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Know the Laws: Oklahoma

UPDATED May 25, 2017

Enforcing Your Out-of-State Order in Oklahoma

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If you are planning to move to Oklahoma or are going to be in Oklahoma for any reason, your protection or restraining order may be enforced.

General rules for out-of-state orders in Oklahoma

back to topCan I get my protective order enforced in Oklahoma? What are the requirements?

Yes. Your protection order can be enforced in Oklahoma as long as:

  • It was issued to prevent violent or threatening acts, harassing behavior, sexual violence, or it was issued to prevent another person from coming near you or contacting you.*
  • The court that issued the order had jurisdiction over the people and case. (In other words, the court had the authority to hear the case.)
  • It identifies you and the abuser.
  • It is currently in effect (meaning it has not expired).
  • The abuser received notice of the order and had an opportunity to go to court to tell his/her side of the story. It doesn’t matter if s/he actually showed up in court; just that he had the opportunity to do so.
    • In the case of ex parte temporary and emergency orders, the abuser must receive notice and have an opportunity to go to court to tell his/her side of the story at a hearing that is scheduled within a "reasonable time" after the order is issued.**
Note: For information on enforcing a military protective order (MPO) off the military installation, or enforcing a civil protection order (CPO) on a military installation, please see our Military Protective Orders page.

* 18 U.S.C. § 2266(5)
** 18 U.S.C. § 2265(a) & (b); 22 O.S. § 60.23(D)(1) & (2)

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back to topCan I have my out-of-state protection order changed, extended, or canceled in Oklahoma?

No.  Only the state that issued your protection order can change, extend, or cancel the order. You cannot have this done by a court in Oklahoma.  To have your order changed, extended, or canceled, you will have to file a motion or petition in the court where the order was issued. You may be able to request that you attend the court hearing by telephone rather than in person, so that you do not need to return to the state where the abuser is living. To find out more information about how to modify a restraining order, see the Restraining Orders page and select the state where your order was issued from the drop-down menu.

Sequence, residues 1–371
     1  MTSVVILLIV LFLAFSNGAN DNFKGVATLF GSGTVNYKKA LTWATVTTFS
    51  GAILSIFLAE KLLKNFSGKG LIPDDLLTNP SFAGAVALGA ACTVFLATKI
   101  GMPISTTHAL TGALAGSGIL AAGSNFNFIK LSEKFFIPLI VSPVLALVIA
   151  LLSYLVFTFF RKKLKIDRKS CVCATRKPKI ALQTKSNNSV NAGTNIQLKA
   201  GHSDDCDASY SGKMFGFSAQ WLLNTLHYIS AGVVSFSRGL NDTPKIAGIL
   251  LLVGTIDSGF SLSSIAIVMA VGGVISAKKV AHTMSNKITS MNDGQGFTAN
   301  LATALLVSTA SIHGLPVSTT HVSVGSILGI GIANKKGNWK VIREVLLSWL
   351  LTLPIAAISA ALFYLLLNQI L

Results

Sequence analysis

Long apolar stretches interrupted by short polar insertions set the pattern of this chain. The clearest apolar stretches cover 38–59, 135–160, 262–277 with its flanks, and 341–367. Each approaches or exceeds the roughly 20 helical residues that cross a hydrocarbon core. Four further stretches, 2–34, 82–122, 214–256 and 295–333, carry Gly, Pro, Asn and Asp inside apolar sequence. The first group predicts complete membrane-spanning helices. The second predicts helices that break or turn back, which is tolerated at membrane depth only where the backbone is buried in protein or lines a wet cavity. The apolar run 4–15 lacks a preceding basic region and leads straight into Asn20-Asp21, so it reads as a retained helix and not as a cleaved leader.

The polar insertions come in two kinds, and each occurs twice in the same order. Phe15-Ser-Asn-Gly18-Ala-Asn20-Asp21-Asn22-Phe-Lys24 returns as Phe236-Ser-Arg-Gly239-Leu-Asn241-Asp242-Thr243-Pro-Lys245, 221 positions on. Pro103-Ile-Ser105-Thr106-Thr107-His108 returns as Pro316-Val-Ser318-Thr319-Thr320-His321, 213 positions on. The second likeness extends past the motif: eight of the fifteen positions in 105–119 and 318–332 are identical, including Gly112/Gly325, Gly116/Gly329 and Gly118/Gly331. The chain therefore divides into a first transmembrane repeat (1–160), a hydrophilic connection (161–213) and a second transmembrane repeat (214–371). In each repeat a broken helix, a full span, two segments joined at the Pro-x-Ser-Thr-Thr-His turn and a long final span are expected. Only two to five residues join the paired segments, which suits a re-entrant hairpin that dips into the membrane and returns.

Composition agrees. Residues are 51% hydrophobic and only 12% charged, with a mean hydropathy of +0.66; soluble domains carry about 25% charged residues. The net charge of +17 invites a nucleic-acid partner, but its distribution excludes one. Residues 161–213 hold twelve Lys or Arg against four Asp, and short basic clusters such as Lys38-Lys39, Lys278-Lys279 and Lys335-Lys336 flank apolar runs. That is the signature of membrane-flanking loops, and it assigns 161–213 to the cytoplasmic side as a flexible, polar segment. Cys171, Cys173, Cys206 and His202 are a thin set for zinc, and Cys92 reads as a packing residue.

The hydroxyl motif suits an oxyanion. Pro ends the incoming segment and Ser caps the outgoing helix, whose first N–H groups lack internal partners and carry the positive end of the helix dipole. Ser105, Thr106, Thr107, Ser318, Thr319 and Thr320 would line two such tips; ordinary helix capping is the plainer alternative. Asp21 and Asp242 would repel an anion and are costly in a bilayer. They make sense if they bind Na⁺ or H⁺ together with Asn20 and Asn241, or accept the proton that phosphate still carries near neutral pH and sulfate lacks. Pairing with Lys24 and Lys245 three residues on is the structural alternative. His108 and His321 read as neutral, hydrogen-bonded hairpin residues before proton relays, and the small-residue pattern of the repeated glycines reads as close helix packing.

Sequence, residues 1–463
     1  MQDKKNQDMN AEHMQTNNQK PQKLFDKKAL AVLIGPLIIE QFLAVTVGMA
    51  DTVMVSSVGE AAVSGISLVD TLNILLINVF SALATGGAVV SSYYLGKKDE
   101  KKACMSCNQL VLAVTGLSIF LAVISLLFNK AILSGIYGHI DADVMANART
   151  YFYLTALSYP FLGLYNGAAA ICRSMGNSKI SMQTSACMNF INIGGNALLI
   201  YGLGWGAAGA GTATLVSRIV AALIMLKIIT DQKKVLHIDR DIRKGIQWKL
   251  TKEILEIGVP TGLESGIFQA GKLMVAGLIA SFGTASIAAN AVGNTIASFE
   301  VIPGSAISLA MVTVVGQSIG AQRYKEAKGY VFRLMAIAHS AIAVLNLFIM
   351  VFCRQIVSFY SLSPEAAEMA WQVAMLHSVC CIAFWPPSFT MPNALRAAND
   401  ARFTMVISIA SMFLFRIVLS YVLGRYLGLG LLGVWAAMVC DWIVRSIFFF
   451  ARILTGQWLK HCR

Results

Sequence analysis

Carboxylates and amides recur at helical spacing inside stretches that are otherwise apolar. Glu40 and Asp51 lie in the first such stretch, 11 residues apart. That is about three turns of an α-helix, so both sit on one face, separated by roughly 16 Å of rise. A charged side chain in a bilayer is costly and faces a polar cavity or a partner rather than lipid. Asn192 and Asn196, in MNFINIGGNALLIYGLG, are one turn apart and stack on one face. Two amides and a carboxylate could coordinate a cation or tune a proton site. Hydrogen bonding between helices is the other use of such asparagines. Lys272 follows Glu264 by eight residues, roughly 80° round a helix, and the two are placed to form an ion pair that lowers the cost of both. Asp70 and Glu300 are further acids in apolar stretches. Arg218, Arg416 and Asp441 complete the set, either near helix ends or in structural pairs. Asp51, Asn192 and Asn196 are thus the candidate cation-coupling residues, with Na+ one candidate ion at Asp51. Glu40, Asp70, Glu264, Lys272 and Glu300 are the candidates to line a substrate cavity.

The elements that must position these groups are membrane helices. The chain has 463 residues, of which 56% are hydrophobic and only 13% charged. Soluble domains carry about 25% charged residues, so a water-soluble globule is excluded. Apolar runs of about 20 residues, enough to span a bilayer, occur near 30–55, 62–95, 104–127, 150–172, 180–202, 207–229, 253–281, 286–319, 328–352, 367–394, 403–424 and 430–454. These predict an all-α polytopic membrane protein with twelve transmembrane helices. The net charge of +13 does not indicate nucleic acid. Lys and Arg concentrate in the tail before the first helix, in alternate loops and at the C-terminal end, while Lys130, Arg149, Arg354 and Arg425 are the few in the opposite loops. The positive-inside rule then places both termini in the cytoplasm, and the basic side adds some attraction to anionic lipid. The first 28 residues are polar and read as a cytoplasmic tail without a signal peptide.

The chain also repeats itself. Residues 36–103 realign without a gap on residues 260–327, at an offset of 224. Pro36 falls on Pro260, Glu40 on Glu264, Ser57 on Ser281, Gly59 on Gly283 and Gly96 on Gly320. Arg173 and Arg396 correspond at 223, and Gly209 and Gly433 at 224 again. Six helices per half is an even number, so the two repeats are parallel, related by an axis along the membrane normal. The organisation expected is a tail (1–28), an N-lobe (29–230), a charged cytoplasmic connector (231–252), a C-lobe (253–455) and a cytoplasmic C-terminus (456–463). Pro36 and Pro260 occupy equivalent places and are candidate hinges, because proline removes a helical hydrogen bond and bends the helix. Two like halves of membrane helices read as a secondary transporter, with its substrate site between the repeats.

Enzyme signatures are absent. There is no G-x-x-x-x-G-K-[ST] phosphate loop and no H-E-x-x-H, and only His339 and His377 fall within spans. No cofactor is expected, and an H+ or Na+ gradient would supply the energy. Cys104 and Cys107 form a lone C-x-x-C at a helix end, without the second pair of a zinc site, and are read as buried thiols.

If your order does expire while you are living in Oklahoma, you may be able to get a new one issued in Oklahoma but this may be difficult to do if no new incidents of abuse have occurred in Oklahoma.  Also, it is important to know that if you do file for a new order in Oklahoma, the abuser will be notified and will have an opportunity to come to the hearing in Oklahoma to defend himself/herself against the order.*  If you do not want the abuser to find out that you are in Oklahoma, you may not want to file for a new order in Oklahoma.

To find out more information on how to get a protective order in Oklahoma, visit our Domestic Violence Protective Orders page.

* 22 O.S. § 60.4(1)

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back to topI was granted temporary custody with my protective order. Will I still have temporary custody of my children in Oklahoma?

Yes.  As long as the child custody provision complies with certain federal laws,* Oklahoma can enforce a temporary custody order that is a part of a protection order.

To have someone read over your order and tell you if it meets this legal standard, contact a lawyer in your area.  To find a lawyer in your area, click on our Finding a Lawyer page and select the state you are in from the drop-down menu.